“Don’t you think people want a bit of fun?” the perma-smiling TV talent show host asks Samira, the dissident finalist in Rebecca Lenkiewicz’s new large-scale play for the National Youth Theatre. In Afghanistan, however, the stakes are higher in a complex look at how young people define themselves in an already fractured landscape. Taking its cue from Slumdog Millionaire, Lenkiewicz uses mainstream popular culture as a way of telling an utterly serious if at times overloaded story of love, anger and dreams of leaving a world where misogyny is accepted almost as much as the landmines are taken for granted.
All the girls are glued to Afghan Star, a glossy X-Factor style show, where Samira’s voice refuses to stay quiet. One of them, Parastoo, has a crush on urchin boy Mahmoud, who has ambition that don’t turn out quite as planned. Parastoo’s mother was the country’s first female crane driver, but now can only mourn her dead children. Meanwhile on the small screen, Samira may not win her battle, but her war for a much bigger emancipation has only just begun.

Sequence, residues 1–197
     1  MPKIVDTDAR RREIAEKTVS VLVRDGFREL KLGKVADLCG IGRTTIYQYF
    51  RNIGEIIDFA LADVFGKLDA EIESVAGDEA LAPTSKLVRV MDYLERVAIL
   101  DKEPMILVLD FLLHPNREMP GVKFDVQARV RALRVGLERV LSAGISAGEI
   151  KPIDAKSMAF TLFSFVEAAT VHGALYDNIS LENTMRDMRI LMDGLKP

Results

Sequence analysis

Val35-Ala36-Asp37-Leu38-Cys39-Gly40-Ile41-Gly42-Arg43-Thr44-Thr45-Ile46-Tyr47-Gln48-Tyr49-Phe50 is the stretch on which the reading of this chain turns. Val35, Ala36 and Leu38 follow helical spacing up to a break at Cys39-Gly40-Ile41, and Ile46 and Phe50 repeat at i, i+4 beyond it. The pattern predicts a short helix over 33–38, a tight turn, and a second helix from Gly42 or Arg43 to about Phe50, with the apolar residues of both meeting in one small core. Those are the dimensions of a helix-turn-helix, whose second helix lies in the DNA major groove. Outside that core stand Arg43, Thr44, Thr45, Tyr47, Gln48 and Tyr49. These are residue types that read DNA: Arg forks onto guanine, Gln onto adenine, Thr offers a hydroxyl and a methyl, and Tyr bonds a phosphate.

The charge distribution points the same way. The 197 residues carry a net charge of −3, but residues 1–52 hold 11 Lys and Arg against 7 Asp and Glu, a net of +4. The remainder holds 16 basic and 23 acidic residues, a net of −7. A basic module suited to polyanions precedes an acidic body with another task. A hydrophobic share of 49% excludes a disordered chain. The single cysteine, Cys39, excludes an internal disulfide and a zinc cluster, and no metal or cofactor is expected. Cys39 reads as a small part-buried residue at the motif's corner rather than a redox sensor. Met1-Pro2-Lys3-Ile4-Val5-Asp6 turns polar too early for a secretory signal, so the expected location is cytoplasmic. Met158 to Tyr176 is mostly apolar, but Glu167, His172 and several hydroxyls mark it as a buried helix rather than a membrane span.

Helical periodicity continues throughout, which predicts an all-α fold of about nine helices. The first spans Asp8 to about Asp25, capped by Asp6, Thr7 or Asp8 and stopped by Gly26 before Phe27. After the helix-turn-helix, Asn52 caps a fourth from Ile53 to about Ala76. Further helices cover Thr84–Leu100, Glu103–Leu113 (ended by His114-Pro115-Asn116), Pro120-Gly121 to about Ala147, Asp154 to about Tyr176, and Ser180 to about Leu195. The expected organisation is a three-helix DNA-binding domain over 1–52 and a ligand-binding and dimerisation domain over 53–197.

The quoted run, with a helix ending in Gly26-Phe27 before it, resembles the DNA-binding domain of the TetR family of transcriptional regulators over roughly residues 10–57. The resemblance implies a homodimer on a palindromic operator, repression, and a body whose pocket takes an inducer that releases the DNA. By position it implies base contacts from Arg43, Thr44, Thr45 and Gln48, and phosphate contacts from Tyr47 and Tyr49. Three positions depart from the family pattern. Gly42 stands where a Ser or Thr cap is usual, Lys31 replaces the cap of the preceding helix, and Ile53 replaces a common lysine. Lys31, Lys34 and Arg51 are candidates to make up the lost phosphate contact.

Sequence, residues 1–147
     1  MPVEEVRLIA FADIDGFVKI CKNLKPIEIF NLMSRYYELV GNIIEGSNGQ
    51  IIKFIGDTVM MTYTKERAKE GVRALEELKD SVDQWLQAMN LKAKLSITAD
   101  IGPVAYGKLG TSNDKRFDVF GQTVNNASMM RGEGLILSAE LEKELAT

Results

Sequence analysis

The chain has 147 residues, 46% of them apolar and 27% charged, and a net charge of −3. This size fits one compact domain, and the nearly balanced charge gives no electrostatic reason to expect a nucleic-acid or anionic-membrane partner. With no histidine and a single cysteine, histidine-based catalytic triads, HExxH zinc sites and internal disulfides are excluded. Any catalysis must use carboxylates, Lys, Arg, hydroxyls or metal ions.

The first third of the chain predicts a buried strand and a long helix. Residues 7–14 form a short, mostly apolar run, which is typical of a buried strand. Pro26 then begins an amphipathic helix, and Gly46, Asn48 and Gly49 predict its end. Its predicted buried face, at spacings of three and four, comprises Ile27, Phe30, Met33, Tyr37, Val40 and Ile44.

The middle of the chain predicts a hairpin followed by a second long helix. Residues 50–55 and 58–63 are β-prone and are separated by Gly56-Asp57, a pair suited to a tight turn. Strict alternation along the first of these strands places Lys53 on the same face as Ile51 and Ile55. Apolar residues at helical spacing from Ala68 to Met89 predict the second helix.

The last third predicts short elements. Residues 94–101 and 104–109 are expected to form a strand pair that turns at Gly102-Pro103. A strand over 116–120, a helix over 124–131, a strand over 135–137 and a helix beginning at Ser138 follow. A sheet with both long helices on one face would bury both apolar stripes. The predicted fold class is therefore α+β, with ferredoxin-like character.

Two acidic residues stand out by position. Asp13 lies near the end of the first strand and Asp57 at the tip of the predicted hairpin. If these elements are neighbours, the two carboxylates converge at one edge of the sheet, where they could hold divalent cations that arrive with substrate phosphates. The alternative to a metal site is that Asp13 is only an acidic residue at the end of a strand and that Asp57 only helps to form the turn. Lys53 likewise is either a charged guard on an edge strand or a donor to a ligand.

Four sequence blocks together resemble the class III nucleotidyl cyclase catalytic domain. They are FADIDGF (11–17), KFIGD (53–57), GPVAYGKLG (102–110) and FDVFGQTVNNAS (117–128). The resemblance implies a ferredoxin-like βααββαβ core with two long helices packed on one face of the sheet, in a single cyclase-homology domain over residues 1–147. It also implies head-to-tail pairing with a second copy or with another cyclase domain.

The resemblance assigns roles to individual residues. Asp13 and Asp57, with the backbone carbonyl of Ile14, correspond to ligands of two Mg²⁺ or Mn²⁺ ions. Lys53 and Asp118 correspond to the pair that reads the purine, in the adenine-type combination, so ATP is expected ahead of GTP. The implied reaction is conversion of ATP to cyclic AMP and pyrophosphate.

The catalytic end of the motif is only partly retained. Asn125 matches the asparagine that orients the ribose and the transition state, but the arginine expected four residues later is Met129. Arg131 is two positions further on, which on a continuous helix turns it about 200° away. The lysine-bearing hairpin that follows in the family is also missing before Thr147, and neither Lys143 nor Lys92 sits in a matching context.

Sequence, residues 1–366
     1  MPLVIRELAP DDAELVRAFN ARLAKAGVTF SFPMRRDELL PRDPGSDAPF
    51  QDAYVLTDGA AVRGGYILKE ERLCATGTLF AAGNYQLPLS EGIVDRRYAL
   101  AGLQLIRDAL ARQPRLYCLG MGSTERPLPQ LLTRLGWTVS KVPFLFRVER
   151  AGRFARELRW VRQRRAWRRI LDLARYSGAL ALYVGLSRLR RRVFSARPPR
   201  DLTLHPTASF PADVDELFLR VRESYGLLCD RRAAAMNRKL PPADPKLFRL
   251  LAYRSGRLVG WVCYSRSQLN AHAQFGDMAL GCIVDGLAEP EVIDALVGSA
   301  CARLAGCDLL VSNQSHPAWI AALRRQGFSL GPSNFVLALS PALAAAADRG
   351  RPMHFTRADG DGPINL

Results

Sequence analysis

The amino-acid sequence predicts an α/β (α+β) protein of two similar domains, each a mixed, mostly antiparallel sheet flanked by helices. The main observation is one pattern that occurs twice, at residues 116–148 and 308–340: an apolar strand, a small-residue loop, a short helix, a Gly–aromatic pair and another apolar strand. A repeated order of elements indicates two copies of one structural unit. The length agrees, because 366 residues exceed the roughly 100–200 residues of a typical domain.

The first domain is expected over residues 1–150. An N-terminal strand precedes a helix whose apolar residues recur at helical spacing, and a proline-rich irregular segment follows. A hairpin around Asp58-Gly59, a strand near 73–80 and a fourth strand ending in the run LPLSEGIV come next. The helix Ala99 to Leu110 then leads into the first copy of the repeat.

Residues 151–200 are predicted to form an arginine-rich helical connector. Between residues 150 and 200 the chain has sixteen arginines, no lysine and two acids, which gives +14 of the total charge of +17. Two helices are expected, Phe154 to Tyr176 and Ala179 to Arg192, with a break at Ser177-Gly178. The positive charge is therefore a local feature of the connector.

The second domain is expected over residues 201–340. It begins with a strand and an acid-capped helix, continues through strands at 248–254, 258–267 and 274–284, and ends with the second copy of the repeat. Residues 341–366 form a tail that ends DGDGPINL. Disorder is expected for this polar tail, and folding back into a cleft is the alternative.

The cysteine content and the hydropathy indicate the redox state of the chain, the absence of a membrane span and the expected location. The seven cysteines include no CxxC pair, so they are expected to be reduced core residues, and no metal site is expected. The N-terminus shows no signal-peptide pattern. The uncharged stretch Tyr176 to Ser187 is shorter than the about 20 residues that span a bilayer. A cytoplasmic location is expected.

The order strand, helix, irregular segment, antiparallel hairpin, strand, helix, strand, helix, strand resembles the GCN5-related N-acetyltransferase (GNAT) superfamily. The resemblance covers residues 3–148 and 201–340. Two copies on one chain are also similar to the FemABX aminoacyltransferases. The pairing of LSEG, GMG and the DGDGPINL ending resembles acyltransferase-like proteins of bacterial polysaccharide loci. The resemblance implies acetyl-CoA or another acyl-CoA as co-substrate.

This is pretty strong stuff in Juliet Knight’s production, which criss-crosses each strand of the story aided by Daniel Padden’s evocative eastern-tinged soundtrack, punctuating things with some spellbinding live harmonies sung by an assured cast of fifteen. As Mahmoud, Haseeb Malik makes a determined but vulnerable figure sweeping through Neil Haynes’ open-plan set where a chorus of angels watches over him. If there is one too many narrative strand, it only shows off the confused rough and tumble of staying alive in a country where at times the war is possibly the least of it.
The Herald, September 24th 2010